Public displays of affection: where to draw the line?
By Kim Bo-eun, Jung Min-ho, Bahk Eun-ji
It’s no longer uncommon to see young couples hug, squeeze or smooch in public. While some couples are still coy about anything beyond holding hands in public areas, others are unafraid of expressing their affection for each other in a more explicit, or sometimes even raunchy, manner.
However, public displays of affection (PDA) occasionally go beyond kissing or groping. People around couples who display their love in public sometimes find themselves in an awkward situation which they have to deal with, one way or another, and many still struggle to find the most appropriate way of doing this without making the situation more embarrassing for the couples or themselves.
PDA, expressing physical intimacy in sight of others, has become prevalent in this society, almost everyone has, at least once, witnessed or participated in it.
However, older generations can’t stand when young couples cross the thin line that determines appropriate PDA, but younger people don’t appear to mind the frowns or dagger looks aimed by appalled onlookers.
With no rules on PDA and social norms blurred, what may be considered appropriate PDA?
Park Kyoung-tae, a 38-year-old sommelier, recently had an embarrassing experience on the subway.
“It happened late at night around 11 o’clock. I was with my girlfriend after a date. I gave her a good-bye kiss before she got off the subway when, suddenly, an old man came out of nowhere and started scolding us, saying it is not right to block other peoples’ way by ‘doing so.’” Park said. “Since there were few people on the subway, I was not convinced at all and it just hurt my feelings.”
Although the old man gave a reason to justify his action, Park knew that he just wanted to chide them for kissing in public instead of telling them to stay out of other people’s way.
“I understand excessive PDA could arouse uncomfortable feelings in others and therefore could be a problem,” Park said. “However, if it is a minor incident, people have to let it go.”
Love is universal, and so is the PDA issue. In other words, Korea is not the only country in which onlookers grumble about couples intimate moaning in the park or eyeing each other lustfully.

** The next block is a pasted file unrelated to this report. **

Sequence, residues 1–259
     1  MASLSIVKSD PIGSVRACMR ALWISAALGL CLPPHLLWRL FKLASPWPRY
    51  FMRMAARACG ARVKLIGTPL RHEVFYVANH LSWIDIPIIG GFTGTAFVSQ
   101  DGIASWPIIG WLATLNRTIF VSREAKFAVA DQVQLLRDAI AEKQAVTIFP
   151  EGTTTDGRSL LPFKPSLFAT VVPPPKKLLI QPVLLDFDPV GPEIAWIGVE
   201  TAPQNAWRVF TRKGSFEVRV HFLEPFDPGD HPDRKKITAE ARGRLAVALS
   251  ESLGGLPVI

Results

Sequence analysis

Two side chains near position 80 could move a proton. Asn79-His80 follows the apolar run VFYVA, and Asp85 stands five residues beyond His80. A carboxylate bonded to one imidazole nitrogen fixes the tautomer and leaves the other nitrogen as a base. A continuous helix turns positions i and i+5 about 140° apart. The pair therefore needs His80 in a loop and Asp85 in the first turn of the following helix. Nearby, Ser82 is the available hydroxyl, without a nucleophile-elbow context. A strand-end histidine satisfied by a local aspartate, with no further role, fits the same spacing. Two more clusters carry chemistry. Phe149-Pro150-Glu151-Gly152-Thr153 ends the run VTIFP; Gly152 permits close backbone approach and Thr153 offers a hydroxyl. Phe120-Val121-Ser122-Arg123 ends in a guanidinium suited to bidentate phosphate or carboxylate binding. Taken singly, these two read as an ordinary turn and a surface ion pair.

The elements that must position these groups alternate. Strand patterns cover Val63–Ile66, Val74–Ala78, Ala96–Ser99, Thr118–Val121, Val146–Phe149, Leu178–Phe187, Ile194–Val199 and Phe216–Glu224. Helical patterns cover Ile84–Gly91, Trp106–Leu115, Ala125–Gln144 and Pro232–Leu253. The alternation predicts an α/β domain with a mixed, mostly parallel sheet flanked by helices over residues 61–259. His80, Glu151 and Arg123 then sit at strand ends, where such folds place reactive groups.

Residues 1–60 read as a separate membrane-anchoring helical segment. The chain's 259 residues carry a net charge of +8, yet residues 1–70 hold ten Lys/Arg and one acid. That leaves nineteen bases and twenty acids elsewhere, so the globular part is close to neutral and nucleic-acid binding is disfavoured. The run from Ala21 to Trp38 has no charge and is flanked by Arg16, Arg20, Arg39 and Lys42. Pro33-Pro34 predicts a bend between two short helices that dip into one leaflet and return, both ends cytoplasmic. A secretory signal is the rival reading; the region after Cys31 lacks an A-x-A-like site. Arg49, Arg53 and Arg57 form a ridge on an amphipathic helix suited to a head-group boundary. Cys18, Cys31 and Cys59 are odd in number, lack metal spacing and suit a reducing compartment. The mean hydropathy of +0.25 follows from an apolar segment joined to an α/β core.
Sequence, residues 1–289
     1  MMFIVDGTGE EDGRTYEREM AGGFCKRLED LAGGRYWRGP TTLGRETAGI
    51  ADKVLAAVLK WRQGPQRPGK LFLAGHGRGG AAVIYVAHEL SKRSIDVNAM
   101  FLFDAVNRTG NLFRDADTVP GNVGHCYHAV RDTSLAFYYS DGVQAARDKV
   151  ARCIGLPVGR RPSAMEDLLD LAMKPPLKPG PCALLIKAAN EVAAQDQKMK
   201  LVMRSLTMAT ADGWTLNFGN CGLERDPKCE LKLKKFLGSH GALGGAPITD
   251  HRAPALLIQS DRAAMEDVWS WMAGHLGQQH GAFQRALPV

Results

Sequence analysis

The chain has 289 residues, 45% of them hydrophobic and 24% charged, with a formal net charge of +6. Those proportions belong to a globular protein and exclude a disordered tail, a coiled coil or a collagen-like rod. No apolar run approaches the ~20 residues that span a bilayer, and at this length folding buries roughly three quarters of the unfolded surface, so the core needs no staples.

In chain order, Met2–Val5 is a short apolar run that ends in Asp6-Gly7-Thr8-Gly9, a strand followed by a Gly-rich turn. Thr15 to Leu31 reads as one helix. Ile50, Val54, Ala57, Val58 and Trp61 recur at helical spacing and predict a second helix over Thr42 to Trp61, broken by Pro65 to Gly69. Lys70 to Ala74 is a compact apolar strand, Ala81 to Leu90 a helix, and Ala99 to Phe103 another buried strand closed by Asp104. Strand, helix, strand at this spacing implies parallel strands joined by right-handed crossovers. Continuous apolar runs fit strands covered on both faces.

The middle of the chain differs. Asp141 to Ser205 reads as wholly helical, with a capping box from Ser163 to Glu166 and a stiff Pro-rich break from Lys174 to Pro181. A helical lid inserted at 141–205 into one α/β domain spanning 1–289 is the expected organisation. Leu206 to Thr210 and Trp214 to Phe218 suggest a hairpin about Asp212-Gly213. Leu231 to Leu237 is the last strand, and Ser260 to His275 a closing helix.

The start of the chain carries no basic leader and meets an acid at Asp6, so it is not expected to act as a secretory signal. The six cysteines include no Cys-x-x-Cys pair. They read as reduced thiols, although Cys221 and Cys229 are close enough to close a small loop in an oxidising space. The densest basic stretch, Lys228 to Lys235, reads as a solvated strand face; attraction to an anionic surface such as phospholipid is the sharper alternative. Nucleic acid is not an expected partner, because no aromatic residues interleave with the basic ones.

Recently, English singer-songwriter Kelly Osbourne posted a tongue kissing picture of herself and her boyfriend Matthew Mosshart on Twitter with the caption, “I’m in love and I don’t care who knows about it!” fueling debate over how much PDA is appropriate in societies.
Is it possible for people to hate PDA? Of course, if they have to watch it. But some might change their point of view if they find themselves engaged in it. This creates paradoxical thinking.
A person who believes PDA is romantic can also despise it. Problems arise when people watching and people smooching have different definitions of “appropriate limits” on PDA.
As hard as it is and indeed almost impossible for steamy couples to keep their hands off each other, it is painful for many watchers to remain calm with provocative scenes happening right in front of their eyes. So, controversy abounds regarding the issue and is up for debate.
Korean society is changing
“It’s not illegal; it really depends on personal choice,” says Song Mi-rah, a 23-year-old college student.
“My boyfriend and I used to make people uncomfortable by holding hands, hugging, and even kissing in public, but as I got older, I think I became more conscious of others,” Song said.
She said she feels more secure when she makes out with her boyfriend in a private rather than public place.
“I think the cultural context is also important,” says Yoo Sang-hee, a 26-year-old private banking manager.
“When I was traveling in France last summer, PDA was very common; I saw so many couples making out in parks, at cafes and even on the street. I did not get annoyed at all even though I happened to see a Korean couple kissing at an outdoor cafe, because it was seen literally everywhere so it struck me as being very natural,” Yoo said.
However, she said once she returned to Korea, she suddenly felt uncomfortable when she saw a young couple kissing on the street. Yoo thinks that this is because of her Asian upbringing which has been influenced by Confucian values.
“It is a kind of stereotype that westerners are more comfortable showing their feelings and affection in public, while Asians don’t and are not allowed to do so,” Yoo said.